Sara Netanyahu has faced repeated allegations of mistreating household help. During their first term in office, the family's nanny said she was fired by Netanyahu's wife for burning a pot of vegetable soup. The young woman said she was thrown out of the family's home without her clothes or passport, and later was ordered to pick up her belongings dumped outside the front gate. Netanyahu's office said the woman was fired because she was prone to violent outbursts.
More recently, a Jerusalem labor court awarded $30,000 in damages to a former employee of the first lady who claimed he faced yelling and unreasonable demands. Last month, a recording emerged of Sara Netanyahu screaming at an aide as she complained that a gossip column about her did not mention her educational credentials.
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In 2016, an official expense report found that Netanyahu spent more than $600,000 of public funds on a six-day trip to New York, including $1,600 on a personal hairdresser. Three years earlier, he was chided for spending $127,000 in public funds for a special sleeping cabin on a flight to London. Netanyahu said he was unaware of the cost and halted the practice. He also halted purchases at his favorite Jerusalem ice cream parlor that year after a newspaper reported his office ran up a $2,700 bill, mostly for vanilla and pistachio.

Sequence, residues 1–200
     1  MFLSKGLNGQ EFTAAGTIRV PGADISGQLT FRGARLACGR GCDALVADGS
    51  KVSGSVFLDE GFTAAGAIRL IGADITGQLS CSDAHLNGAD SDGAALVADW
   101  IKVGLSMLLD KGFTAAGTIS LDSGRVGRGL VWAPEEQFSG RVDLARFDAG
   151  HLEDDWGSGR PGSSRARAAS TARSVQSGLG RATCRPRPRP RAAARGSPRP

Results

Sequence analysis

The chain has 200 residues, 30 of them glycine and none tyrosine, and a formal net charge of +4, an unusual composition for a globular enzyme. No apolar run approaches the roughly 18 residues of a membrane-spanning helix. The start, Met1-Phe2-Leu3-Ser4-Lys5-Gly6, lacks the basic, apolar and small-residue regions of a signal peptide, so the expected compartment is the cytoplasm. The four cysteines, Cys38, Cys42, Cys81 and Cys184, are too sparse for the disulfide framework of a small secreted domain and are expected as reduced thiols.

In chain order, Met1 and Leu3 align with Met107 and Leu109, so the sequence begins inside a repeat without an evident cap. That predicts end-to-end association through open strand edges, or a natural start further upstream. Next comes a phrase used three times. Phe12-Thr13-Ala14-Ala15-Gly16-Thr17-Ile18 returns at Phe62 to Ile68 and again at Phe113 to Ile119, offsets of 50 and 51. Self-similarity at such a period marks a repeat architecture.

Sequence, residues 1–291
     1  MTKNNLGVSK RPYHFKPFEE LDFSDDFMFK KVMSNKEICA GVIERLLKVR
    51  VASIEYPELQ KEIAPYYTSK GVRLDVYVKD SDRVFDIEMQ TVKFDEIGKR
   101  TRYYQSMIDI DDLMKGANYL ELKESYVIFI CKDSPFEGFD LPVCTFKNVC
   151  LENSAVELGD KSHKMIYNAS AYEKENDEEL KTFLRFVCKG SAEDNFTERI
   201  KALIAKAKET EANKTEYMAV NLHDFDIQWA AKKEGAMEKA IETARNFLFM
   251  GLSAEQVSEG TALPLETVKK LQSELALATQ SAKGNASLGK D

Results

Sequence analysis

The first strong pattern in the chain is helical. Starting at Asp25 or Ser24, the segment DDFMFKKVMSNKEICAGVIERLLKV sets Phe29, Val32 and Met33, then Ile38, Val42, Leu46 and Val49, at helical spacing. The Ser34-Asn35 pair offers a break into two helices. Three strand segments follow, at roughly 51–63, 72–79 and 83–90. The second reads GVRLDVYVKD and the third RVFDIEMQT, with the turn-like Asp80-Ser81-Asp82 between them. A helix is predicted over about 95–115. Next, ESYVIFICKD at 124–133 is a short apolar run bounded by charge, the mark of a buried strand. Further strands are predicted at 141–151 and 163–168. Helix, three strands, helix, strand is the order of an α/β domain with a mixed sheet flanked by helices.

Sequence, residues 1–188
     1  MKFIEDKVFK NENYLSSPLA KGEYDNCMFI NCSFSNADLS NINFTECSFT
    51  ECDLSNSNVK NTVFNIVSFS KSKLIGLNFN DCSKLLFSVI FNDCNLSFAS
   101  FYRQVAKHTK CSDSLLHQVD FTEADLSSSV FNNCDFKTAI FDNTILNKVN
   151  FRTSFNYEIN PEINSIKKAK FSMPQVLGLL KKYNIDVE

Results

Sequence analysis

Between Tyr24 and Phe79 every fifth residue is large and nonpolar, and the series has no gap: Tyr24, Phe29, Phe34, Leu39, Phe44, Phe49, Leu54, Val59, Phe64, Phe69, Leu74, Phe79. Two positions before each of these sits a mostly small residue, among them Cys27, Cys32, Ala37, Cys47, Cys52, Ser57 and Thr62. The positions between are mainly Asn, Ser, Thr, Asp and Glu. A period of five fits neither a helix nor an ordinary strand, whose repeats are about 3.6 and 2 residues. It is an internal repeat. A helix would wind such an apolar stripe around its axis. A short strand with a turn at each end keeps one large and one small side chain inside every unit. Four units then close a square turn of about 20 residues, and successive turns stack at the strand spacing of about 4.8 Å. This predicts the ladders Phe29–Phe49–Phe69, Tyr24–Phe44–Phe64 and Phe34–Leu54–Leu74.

Israel's attorney general announced last fall that he is considering charging Sara Netanyahu with graft, fraud and breach of trust for alleged overspending of over $100,000 in public funds on private meals at the prime minister's official residence. At the same time, the attorney general dismissed allegations that the Netanyahus used government money to buy furniture for their private beach house and used state funds to pay for medical care for Sara Netanyahu's late father.
Last month a recording surfaced of Netanyahu's eldest son, Yair, joyriding with his wealthy buddies to Tel Aviv strip clubs in a drunken night out in a taxpayer-funded government vehicle. The 26-year-old Netanyahu has drawn criticism over the years for living a life of privilege at taxpayers' expense, hobnobbing with ultra-rich donors and making crude social media posts, all while never holding down a job.
Defense Minister Avigdor Lieberman, a Netanyahu confidant, was suspected in a long-running corruption case of illicitly receiving money and laundering it through shell companies in eastern Europe. In 2012, Israel's attorney general dismissed the most serious charges, saying the case would be virtually impossible to prove. A report at the time said he noted that key witnesses lived outside the country, that Lieberman's lawyer had invoked the right to remain silent, and that two key witnesses had died while a third had disappeared. Lieberman was indicted on lesser graft charges. That case forced him to step down as foreign minister, but he was ultimately cleared and returned to the post a year later.
David Bitan, one of Netanyahu's closest allies, resigned as coalition whip in December due to suspicions that he accepted bribes as a municipal politician. Bitan has invoked his right to remain silent during repeated police interrogations.